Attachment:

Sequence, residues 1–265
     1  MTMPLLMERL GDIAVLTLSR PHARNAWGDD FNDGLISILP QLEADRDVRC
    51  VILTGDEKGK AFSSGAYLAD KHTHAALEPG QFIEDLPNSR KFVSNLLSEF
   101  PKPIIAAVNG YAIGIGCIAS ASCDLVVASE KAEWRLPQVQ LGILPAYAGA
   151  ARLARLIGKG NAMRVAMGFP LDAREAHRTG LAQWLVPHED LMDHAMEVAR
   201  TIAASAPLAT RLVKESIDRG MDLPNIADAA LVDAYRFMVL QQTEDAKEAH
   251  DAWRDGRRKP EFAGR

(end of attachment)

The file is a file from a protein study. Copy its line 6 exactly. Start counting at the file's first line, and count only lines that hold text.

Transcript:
   201  TIAASAPLAT RLVKESIDRG MDLPNIADAA LVDAYRFMVL QQTEDAKEAH